The advertising move shouldn’t come as a surprise. Last month, Sonic.net, a Bay Area ISP had started offering wireless broadband using Meraki gear, and that offering included advertising as part of the package. Of course, given Google’s investment in the company, it isn’t hard to connect the dots.

“This is still an experiment, and if it works, then we can see advertising revenues subsidizing the hardware costs,” Biswas said. There are plans to share advertising revenues with network operators as well.

Related: Our previous coverage of Meraki.

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  1. I was never good at math, but I think you mean a 3x increase in price or a 200% increase in price. Either way it leaves a bad taste.

  2. google » Meraki Price Hike Irks Customers Monday, October 8, 2007

    [...] Check it out! While looking through the blogosphere we stumbled on an interesting post today.Here’s a quick excerptMeraki Networks, a Mountain View, Calif.-based mesh networking gear maker, which is leading the unique ComMuniFi model of providing wireless broadband access in communities, neighborhoods and small cities, has … [...]

  3. Sanjit Biswas Monday, October 8, 2007

    A note from Meraki — we launched the new editions quietly so we could get an additional round of feedback before setting things in stone. Our platform was designed with input from the thousands of Meraki networks around the world, and we’re listening to everyone’s comments to understand how we can make sure this becomes the world-changing thing everyone would love it to be.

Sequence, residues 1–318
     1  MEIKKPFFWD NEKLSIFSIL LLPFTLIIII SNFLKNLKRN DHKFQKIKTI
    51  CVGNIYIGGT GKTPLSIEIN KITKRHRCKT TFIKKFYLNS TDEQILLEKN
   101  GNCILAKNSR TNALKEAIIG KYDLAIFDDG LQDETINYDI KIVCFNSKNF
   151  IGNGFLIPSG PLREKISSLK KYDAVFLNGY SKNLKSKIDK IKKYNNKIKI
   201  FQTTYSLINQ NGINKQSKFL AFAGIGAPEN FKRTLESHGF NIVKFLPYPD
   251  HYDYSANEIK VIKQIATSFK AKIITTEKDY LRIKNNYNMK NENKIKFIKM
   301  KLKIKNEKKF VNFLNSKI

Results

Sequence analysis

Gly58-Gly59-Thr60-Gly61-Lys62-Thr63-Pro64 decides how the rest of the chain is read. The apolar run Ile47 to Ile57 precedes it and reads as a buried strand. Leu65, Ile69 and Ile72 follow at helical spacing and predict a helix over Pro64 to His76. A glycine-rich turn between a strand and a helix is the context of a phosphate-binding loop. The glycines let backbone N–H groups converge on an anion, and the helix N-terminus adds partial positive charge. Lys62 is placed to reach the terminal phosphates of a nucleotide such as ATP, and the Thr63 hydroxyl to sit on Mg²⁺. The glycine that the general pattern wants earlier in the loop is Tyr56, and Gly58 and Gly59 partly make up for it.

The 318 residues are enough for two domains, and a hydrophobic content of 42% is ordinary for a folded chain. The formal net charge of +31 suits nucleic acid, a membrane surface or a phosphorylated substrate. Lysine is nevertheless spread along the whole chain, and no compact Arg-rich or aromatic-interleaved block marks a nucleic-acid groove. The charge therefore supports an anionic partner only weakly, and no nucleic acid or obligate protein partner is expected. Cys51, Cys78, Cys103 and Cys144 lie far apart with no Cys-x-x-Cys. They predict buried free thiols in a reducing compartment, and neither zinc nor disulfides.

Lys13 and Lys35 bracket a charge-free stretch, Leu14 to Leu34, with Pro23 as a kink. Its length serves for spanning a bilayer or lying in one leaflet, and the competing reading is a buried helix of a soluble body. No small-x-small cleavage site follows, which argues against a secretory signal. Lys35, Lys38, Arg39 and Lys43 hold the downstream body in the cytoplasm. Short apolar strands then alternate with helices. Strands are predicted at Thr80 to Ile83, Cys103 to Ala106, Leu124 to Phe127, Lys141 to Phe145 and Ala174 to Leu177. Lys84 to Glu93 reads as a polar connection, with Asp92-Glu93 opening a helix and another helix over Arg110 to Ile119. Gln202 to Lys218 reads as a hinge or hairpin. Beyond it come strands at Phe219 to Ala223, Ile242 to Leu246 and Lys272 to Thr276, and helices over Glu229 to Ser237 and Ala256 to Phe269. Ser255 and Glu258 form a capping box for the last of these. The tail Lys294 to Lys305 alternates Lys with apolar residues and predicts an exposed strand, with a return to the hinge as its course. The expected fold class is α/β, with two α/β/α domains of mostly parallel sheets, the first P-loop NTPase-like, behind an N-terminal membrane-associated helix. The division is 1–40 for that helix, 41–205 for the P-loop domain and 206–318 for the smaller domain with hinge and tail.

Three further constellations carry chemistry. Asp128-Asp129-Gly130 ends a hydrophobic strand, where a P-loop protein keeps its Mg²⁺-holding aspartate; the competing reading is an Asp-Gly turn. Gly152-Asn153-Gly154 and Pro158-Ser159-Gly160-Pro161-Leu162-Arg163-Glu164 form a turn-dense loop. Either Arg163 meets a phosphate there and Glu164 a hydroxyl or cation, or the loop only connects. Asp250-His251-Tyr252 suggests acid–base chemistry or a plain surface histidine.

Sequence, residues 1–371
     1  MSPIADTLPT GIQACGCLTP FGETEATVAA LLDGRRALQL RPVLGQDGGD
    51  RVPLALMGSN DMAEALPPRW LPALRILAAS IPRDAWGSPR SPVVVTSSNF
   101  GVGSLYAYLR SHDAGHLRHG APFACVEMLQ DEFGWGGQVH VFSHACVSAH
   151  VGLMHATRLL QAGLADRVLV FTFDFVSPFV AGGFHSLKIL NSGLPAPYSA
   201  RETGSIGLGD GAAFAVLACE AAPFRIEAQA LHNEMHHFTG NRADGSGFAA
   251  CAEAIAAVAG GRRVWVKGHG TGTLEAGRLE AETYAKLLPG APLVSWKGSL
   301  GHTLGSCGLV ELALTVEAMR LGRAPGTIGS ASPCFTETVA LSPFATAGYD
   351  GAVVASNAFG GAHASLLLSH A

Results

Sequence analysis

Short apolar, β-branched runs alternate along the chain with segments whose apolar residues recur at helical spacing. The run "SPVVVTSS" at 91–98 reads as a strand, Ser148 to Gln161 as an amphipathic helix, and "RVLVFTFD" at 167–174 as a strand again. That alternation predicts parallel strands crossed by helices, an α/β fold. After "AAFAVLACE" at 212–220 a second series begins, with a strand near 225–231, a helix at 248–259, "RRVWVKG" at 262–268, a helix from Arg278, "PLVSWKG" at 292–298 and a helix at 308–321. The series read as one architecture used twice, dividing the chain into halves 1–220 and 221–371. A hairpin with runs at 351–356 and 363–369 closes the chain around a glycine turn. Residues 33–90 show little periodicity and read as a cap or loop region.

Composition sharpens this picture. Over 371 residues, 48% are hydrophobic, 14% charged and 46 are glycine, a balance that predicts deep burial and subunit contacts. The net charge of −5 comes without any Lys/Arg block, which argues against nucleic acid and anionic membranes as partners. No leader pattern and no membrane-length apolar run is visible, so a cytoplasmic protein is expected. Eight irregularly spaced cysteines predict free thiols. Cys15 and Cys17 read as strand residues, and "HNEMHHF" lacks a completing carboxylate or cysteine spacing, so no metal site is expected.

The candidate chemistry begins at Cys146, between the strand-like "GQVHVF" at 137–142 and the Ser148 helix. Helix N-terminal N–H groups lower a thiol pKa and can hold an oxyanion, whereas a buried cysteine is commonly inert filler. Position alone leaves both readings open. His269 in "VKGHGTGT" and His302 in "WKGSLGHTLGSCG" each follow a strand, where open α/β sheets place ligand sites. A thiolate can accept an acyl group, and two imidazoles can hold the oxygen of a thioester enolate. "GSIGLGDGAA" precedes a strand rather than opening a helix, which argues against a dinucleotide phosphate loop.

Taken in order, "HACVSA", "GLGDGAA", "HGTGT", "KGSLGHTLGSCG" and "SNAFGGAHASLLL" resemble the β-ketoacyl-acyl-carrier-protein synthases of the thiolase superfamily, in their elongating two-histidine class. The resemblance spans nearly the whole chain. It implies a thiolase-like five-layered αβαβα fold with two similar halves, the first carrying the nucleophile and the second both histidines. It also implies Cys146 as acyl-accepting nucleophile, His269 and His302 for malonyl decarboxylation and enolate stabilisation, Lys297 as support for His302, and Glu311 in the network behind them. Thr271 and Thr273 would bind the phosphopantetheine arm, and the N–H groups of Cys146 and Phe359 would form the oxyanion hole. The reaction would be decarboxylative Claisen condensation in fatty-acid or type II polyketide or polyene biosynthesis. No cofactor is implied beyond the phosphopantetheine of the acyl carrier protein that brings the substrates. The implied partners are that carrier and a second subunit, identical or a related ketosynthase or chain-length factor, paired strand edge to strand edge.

We designed the new Pro edition for the network operators who serve hotels, apartments and other commercial settings. Over the last year we’ve been told our products are a great fit for the segment, but that most of these venues can’t be reached directly by us. As a result, we’ve tried to create a new offering that will help create an ecosystem of trained installers/resellers around the world that also has an additional level of support and service.

    We’re definitely keeping the $50 product so more individuals/groups can spread free Internet access through their communities. Long term, we hope targeted advertising will create a new model for access worldwide, so we’ll be exploring that (with help from our customers) as we continue to grow.

    Thanks,
    Sanjit

    CEO and Co-Founder, Meraki

  4. Dear Sanjit,

    Meraki is being more than just ‘quietly’. You didn’t even bother to inform your customers that these major changes were underway. Not a very nice thing to do, to say the least. Not the slightest e-mail or communication on the blog either, even as we speak.